Garnish with Edible Flowers on the Fourth of July

edible red flowers

Mother Nature can provide some inspiration for your Independence Day celebration with red, white and blue flowers

Are you an organic gardener in your whole garden? If that's true, your flowers might be edible too! Have some fun decorating your Fourth of July meals with red, white and blue flowers. Check first to be sure they're not poisonous flowers -- we have a list of safe flowers here. In our latest video Tricia shows how to pick and prepare edible flowers.

Remember that not all flowers have a sweet flavor, so don't toss them onto a strawberry pie until you taste them -- they might have a spicy kick. Here are red, white and blue edible flowers we bet you have in your garden. Not growing them? Try your farmer's market for organic flowers.

red nasturtium

Flowers from scarlet to true red

Red flowers are easy to find, since so many organic gardeners grow red nasturtiums along with their red tomatoes. Nasturtiums can be a great "trap crop" attracting bugs away from the main show of the tomatoes. Plus, the cultural requirements of sun and water are similar for nasturtiums and tomatoes.

red roses

Our national flower is in so many gardens, and who doesn't love a red rose? We have lots of tips for you about growing roses organically and using the flowers or petals in recipes.

Look for white flowers in your vegetable garden too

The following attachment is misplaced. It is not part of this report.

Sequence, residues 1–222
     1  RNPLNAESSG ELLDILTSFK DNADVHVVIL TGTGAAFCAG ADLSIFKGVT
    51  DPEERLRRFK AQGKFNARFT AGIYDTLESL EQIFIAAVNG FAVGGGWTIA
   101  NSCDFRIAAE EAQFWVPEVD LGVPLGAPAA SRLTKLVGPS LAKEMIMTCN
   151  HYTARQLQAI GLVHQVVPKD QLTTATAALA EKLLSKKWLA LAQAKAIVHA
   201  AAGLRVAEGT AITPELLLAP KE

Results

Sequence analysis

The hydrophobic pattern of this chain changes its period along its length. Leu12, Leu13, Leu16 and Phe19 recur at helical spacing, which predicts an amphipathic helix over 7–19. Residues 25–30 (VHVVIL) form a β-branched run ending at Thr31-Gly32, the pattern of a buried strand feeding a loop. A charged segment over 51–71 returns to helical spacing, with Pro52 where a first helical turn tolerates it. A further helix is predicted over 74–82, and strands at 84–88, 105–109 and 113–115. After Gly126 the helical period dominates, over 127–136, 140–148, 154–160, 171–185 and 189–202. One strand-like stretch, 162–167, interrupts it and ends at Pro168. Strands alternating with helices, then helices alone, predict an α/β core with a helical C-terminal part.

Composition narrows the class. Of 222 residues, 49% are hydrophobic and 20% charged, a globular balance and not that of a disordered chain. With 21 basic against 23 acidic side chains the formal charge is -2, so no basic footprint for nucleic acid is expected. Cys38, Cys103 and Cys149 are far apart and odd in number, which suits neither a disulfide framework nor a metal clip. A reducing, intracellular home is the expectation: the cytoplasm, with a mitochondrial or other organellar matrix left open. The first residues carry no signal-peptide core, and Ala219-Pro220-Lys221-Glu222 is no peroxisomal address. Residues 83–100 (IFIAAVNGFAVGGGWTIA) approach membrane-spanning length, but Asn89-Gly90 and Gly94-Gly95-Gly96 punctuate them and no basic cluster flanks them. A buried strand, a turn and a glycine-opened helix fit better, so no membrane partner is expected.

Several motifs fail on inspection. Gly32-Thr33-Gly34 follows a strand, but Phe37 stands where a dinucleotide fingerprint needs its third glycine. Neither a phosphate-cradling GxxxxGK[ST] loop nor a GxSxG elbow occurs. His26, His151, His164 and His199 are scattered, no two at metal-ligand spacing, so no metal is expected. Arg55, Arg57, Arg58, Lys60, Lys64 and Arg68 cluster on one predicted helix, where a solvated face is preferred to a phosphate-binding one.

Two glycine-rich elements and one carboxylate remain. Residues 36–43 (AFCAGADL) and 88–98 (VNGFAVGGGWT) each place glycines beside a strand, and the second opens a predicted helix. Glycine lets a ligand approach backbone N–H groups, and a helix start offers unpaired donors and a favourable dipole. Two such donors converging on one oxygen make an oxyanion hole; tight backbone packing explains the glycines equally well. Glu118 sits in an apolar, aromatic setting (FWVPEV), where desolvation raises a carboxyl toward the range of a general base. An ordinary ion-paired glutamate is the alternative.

Don't just think of ornamental flowers, but peer into your vegetable patch and you'll see lots of white flowers on radishes, for instance (a popular restaurant garnish these days).

coriander flowers

These delicate blossoms are on coriander (cilantro) which most of us grow for the leaves instead. The flowers will have the peppery taste related to the leaves.

cornflower bachelor button flowers

The hard-to-find blue blooms

They do say that blue is the most popular flower color, and certainly it is the most elusive. Find intense blue, with a touch of violet, in the blooms of Bachelor Buttons. The favorite flower of President Kennedy, it is also known as the Cornflower. Eat it now or dry it to enjoy year round. Not just pretty, it also attracts butterflies and beneficial insects. If you're not growing it, reconsider.

blue borage flowers

You can eat your fill of blue once you plant borage with its star-shaped flowers. Borage is too little known, which is a shame as it's an easy herb to grow and will supply cucumber-flavored blossoms all summer long. Once you plant borage you'll probably have it for years, since it reseeds itself.

Bring your organic garden to the table this summer and make it a flowery Fourth with edible flowers.

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Jane, on each page for the individual seed pack, it will tell you how many seeds are in the pack.


How many seeds are in a seeds pack,when you just state seed pack size

Jane bell

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